If the Toronto Blue Jays are going to become competitive, they’re going to have to figure out how to get on base
The Toronto Blue Jays were not expected to compete in 2020, but in a shortened season, the possibility remains that things could go well for them. Regardless, whenever they’re going to compete, there are things they need to improve. One of those things is their running game. Of course, the running game only works if you can get guys on base. That was a problem for Toronto in 2019 and it’s something that is going to need to be addressed.
Our friends over at Baseball Reference have a nice table for us that outlines some numbers from the 2019 season and how teams ranked against their counterparts. Your Toronto Blue Jays put up some disappointing numbers, some numbers that don’t quite cut the mustard. Check it out: Their .305 OBP ranked 14th in the American League and 27 in all of MLB. Only the Giants, Marlins and Tigers were worse in this area. The Orioles were three spots ahead of them. Let that sink in. For reference, the 2019 MLB average for OBP was .323.
Their entire offense was bad: their .238 AVG was 30th in MLB, their .733 OPS was 23rd, which was helped by their 17th place SLG of .428. So, improving this team isn’t as simple as taking more walks – they were 20th in MLB with 509. That said, striking out less sure would help. They were 7th overall with 1514 Ks.
It doesn’t take a genius, though, to point out that taking more walks and striking out less will lead to success. There’s a lot that goes into a player increasing their ability to get on base more. Things like pitch recognition, patience, launch angles and so on come into play. It’s something the team must prioritize if they’re going to contend. Some players will need some serious work.
In looking at players who are most likely to receive the bulk of the playing time, there are some serious OBP stand outs, both good and bad:
Cavan Biggio: .364
Bo Bichette: .358
Reese McGuire: .346
Vladimir Guerrero Jr. .339
Lourdes Gurriel Jr. .327
~ League Average: .323 ~
Teoscar Hernandez: .306
Rowdy Tellez: .293
Derek Fisher: .287
Travis Shaw: .281
Randal Grichuk: .280
Danny Jansen: .279
Jonathan Davis: .266
Anthony Alford: .233
Obviously, sample size needs to be taken into account, here. Guys like Shaw, Davis and Alford, didn’t see as much playing time at the big league level as Biggio. However, you get the idea.
In a rebuilding year, one supposes that the above numbers aren’t overly concerning. A rebuilding team is supposed to be bad. It becomes concerning when you consider that many of these names are in the mix for some prime playing time on a team that is supposed to be taking a step forward, inching closer to contending.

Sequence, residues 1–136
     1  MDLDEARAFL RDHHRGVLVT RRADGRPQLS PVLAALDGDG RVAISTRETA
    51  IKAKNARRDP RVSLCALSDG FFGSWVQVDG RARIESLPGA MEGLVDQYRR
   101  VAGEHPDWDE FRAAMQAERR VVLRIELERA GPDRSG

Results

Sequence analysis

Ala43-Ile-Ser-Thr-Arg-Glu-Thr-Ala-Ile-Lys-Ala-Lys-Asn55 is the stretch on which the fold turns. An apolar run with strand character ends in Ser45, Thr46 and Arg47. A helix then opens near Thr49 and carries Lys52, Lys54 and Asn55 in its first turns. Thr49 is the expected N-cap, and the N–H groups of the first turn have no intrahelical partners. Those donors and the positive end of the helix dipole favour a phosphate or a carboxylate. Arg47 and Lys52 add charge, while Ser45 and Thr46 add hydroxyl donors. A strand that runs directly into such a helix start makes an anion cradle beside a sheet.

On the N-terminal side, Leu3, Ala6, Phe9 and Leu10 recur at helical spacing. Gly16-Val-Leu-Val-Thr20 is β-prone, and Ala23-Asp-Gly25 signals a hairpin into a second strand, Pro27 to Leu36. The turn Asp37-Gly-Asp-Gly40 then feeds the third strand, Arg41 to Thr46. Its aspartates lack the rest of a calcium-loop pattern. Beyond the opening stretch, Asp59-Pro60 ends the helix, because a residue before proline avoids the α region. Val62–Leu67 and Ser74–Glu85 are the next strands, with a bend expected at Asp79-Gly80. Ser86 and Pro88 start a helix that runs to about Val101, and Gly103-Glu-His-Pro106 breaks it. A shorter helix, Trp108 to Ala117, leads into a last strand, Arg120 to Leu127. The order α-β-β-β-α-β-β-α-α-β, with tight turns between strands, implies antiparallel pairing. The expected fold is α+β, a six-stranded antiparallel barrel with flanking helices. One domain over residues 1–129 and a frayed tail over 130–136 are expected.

There is obviously some sliver lining. Firstly, the bad might look bad today, but when the Blue Jays are ready to compete (in a year or two) many of these names will find themselves playing elsewhere. It’s difficult to envision how fringe guys like Davis, Fisher or even a Billy McKinney fit into a competitive version of the Toronto Blue Jays.
Secondly, those who figure to be front and center for a competitive run have been the ones who brought the average OBP up to where it is. Without them, it would be more of a disaster. Having Cavan Biggio at the top of the lineup (which is where I would put him), followed by Bo Bichette and Vlad Jr, especially with a year or so under their belt, should result in increased fortunes. If Danny Jansen can get back to his MiLB performance, and Reese McGuire can replicate his 2019, that would be huge.
The Toronto Blue Jays have multiple areas they need to address if they’re going to be competitive and it is not going to happen overnight. However, if they can figure out their on base percentage, it would be a nice step. That said, we should recognize that saying, “They need to get on base more” is a massive oversimplification as so much goes into that. Some of it is coaching, some of it is the player’s natural ability and, let’s be honest, some of it is chance. But, if the players you have can’t get on base, you’re not going to be competitive and it might be time to re-evaluate things.
*Featured Image Courtesy Of DaveMe Images. Prints Available For Purchase.
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Shaun Doyle is a long time Blue Jays fan and writer! He decided to put those things together and create Jays From the Couch. Shaun is the host of Jays From the Couch Radio, which is highly ranked in iTunes, and he has appeared on TV and radio spots.